I'm trying to create AWS ALB-Ingress through EKS following the steps in the document https://docs.aws.amazon.com/eks/latest/userguide/alb-ingress.html

I was successful till the step 7 in creating the controller:

[ec2-user@ip-X-X-X-X eks-cluster]$ kubectl apply -f v2_0_0_full.yaml 
customresourcedefinition.apiextensions.k8s.io/targetgroupbindings.elbv2.k8s.aws created 
mutatingwebhookconfiguration.admissionregistration.k8s.io/aws-load-balancer-webhook created 
Warning: kubectl apply should be used on resource created by either kubectl create --save-config or kubectl apply 
serviceaccount/aws-load-balancer-controller configured 
role.rbac.authorization.k8s.io/aws-load-balancer-controller-leader-election-role created 
clusterrole.rbac.authorization.k8s.io/aws-load-balancer-controller-role created 
rolebinding.rbac.authorization.k8s.io/aws-load-balancer-controller-leader-election-rolebinding created 
clusterrolebinding.rbac.authorization.k8s.io/aws-load-balancer-controller-rolebinding created 
service/aws-load-balancer-webhook-service created 
deployment.apps/aws-load-balancer-controller created 
certificate.cert-manager.io/aws-load-balancer-serving-cert created 
issuer.cert-manager.io/aws-load-balancer-selfsigned-issuer created 
validatingwebhookconfiguration.admissionregistration.k8s.io/aws-load-balancer-webhook created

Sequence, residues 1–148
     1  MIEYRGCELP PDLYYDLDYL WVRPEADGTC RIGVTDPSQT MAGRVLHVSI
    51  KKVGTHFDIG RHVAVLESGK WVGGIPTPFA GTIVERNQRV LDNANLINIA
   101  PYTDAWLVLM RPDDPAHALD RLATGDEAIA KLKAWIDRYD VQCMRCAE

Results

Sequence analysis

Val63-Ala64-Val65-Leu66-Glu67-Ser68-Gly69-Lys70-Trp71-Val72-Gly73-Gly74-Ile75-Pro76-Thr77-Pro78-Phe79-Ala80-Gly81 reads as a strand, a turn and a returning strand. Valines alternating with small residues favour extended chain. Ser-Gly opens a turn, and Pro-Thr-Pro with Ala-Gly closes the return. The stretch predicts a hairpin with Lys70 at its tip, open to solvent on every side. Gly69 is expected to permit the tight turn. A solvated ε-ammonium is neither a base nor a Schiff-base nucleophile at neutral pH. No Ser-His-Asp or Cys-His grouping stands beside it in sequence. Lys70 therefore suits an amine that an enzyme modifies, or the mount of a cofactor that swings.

However, the controller does NOT get to "Ready" status:

[ec2-user@ip-X-X-X-X eks-cluster]$ kubectl get deployment -n kube-system aws-load-balancer-controller
NAME                           READY   UP-TO-DATE   AVAILABLE   AGE
aws-load-balancer-controller   0/1     1            0           29m

I'm also able to list the pod associated with the controller which also shows NOT READY:

[ec2-user@ip-X-X-X-X eks-cluster]$ kubectl get pods -n kube-system
NAME                                            READY   STATUS    RESTARTS   AGE
aws-load-balancer-controller-XXXXXXXXXX-p4l7f   0/1     Pending   0          30m

I also can't seem to get its logs in order to try and debug the issue:

[ec2-user@ip-X-X-X-X eks-cluster]$ kubectl -n kube-system logs aws-load-balancer-controller-XXXXXXXXXX-p4l7f
[ec2-user@ip-X-X-X-X eks-cluster]$

Furthermore, the /var/log directory also does not have any related logs.